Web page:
With the release of Thor this past weekend, it’s officially the summer movie season. And there are some pretty massive movies on the horizon. But there are also some promising-looking smaller films that I hope won’t get lost in the shuffle. So here’s an in-depth look at the next four months at the cinema.
= Possible awards contender
= Times Like Those pick
= Probable cash cow
= Indie with breakthrough potential
= Looks like a turd
Starring: Mel Gibson, Jodie Foster, Anton Yelchin, Jennifer Lawrence, Cherry Jones
Director: Jodie Foster
Official Synopsis: “An emotional story about a man on a journey to re-discover his family and re-start his life. Plagued by his own demons, Walter Black (Gibson) was once a successful toy executive and family man who now suffers from depression. No matter what he tries, Walter can’t seem to get himself back on track…until a beaver hand puppet enters his life.”
My Take: Remember when Mel Gibson used to be a draw at the cineplex? Well, now his movies are getting delayed and opening inconspicuously in very limited release. Nonetheless, the premise of The Beaver is bizarrely intriguing, and the trailer was a pleasant surprise. It looks like a heartfelt family indie dramedy, which is widely known to be my favourite type of movie. And between this and Like Crazy, I am suddenly very interested in Anton Yelchin. Oh, right, and there’s that beaver puppet, too. (Limited release; expands May 20)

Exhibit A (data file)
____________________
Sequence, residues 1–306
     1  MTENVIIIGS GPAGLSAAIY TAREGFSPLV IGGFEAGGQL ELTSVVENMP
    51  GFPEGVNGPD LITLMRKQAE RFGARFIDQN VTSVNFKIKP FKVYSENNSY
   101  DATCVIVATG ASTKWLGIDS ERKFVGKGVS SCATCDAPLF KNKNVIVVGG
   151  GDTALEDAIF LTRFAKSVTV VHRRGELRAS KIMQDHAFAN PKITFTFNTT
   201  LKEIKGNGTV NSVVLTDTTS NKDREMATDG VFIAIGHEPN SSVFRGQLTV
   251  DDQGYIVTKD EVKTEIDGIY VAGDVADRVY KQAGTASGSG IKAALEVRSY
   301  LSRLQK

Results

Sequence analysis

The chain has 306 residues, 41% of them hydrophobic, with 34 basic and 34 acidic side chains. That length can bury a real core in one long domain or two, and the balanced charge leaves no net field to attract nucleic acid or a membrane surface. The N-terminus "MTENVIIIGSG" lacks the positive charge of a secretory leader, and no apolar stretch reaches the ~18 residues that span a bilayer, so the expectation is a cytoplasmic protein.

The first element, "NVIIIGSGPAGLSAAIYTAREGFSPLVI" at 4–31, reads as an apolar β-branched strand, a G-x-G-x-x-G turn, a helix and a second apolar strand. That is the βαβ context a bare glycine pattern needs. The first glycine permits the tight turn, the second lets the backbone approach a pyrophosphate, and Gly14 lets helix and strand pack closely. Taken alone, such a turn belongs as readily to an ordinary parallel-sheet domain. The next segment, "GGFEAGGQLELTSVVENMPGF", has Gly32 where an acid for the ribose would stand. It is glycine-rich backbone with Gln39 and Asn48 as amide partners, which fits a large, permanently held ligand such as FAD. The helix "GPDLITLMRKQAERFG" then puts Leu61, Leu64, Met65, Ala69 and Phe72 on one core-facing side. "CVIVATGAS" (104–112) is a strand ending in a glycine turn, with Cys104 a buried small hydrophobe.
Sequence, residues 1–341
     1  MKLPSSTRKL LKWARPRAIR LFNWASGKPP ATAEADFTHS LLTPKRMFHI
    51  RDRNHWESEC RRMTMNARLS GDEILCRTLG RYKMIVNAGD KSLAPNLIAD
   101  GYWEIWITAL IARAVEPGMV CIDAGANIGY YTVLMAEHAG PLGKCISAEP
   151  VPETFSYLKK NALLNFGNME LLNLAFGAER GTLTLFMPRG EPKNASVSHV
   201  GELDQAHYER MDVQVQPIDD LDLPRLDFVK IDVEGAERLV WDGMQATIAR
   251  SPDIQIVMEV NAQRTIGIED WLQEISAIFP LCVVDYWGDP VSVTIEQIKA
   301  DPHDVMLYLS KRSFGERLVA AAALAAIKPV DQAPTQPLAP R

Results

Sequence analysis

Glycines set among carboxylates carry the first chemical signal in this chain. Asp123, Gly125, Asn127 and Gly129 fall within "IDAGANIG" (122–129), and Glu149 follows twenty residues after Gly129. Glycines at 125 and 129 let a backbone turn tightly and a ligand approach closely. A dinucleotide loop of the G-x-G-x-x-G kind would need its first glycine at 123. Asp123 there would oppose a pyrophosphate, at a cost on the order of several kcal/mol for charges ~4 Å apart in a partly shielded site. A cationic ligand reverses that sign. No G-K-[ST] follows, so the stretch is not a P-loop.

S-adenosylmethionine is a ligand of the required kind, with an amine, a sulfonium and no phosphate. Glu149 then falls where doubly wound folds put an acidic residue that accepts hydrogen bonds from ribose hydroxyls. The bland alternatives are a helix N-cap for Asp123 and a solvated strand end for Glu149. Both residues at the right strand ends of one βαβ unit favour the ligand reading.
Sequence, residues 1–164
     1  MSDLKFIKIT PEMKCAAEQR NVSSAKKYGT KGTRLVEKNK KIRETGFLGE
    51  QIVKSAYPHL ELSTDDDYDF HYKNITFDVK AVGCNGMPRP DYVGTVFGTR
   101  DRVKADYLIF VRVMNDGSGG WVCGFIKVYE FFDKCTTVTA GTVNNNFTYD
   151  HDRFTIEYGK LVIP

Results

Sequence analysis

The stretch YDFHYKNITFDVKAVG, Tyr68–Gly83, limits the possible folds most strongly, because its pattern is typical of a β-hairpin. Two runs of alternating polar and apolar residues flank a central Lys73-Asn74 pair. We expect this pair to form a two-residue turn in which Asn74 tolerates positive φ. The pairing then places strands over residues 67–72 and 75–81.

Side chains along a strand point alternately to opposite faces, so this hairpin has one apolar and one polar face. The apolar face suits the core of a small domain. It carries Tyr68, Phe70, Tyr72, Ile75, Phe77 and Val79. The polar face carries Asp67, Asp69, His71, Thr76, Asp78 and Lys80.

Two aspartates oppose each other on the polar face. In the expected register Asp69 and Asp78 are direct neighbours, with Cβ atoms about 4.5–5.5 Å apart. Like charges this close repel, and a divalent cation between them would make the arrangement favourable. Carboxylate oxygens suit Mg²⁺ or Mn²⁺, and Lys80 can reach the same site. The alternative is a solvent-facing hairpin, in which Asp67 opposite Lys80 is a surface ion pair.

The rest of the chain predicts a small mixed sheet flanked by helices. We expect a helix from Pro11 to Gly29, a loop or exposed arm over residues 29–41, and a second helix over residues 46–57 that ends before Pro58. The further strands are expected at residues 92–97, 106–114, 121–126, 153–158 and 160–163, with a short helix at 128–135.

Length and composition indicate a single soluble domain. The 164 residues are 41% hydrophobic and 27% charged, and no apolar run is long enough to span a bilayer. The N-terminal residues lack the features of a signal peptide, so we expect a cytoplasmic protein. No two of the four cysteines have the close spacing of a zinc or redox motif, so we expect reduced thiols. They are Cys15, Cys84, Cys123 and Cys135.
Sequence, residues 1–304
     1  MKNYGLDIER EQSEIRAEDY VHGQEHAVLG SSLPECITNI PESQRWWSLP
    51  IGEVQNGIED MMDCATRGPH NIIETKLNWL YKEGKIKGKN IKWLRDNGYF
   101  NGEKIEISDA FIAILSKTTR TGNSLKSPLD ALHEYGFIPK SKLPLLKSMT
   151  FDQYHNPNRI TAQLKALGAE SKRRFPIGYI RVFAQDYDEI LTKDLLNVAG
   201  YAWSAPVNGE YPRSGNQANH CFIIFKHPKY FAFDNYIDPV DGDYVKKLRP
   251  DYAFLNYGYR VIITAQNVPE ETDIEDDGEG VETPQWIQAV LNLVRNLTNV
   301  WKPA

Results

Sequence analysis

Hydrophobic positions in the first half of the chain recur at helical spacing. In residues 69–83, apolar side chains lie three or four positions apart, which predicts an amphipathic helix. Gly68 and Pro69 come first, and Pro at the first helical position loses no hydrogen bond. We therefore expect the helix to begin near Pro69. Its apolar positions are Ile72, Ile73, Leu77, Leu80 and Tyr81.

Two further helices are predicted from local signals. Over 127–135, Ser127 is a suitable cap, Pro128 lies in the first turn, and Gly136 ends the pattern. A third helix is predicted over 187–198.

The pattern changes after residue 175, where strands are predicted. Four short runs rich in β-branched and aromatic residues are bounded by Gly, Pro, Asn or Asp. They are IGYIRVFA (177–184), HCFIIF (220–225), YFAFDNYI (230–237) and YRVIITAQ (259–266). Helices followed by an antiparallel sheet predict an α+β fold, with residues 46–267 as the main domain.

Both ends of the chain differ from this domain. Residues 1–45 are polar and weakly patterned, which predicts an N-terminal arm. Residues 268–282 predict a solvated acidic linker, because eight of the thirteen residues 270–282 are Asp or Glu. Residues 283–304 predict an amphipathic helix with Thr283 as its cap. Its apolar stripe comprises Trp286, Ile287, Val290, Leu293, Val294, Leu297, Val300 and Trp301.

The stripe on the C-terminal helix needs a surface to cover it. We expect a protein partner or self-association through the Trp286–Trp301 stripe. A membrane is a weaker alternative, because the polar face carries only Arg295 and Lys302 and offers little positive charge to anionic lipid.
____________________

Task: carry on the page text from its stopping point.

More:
Jumping the Broom
Starring: Angela Basset, Paula Patton, Julie Bowen, Laz Alonso, Loretta Devine
Director: Salim Akil
Official Synopsis: “A collision of worlds when two African-American families from divergent socioeconomic backgrounds get together one weekend in Martha’s Vineyard for a wedding.”
My Take: This might sound bad, but these sorts of comedies with predominantly African-American casts (see also: Tyler Perry films) never get nearly as much attention in Canada as they do in the U.S., so I really don’t know anything about this film. I really thought it had something to do with witches, but apparently not.
Starring: Keira Knightley, Sam Worthington, Eva Mendes, Guillame Canet
Director: Massy Tadjedin
Official Synopsis: “Set in New York City, Last Night is the story of a married couple that while apart for one night, is confronted by temptation that may decide the fate of their marriage.”
My Take: It seems like this movie has been kicking around forever, which probably isn’t a good sign. It could be taught and suspenseful, or it could be boring, and even though it’ll probably fall into the latter category, I’ll probably still check it out at some point. (Limited release)
Starring: Ginnifer Goodwin, Kate Hudson, Colin Egglesfield, John Krasinski
Director: Luke Greenfield
Official Synopsis: “Rachel (Goodwin) is a talented attorney at a top New York law firm, a generous and loyal friend, and, unhappily, still single –as her engaged best friend Darcy (Hudson) is constantly reminding her. But after celebrating her 30th birthday, perpetual good girl Rachel unexpectedly ends up in the arms of the guy she’s had a crush on since law school, Dex (Egglesfield)…who just happens to be Darcy’s fiancé. As one thing leads to another in the frantic weeks leading up to Darcy’s wedding, Rachel finds herself in an impossible situation, caught between her treasured friendship with Darcy and the love of her life.”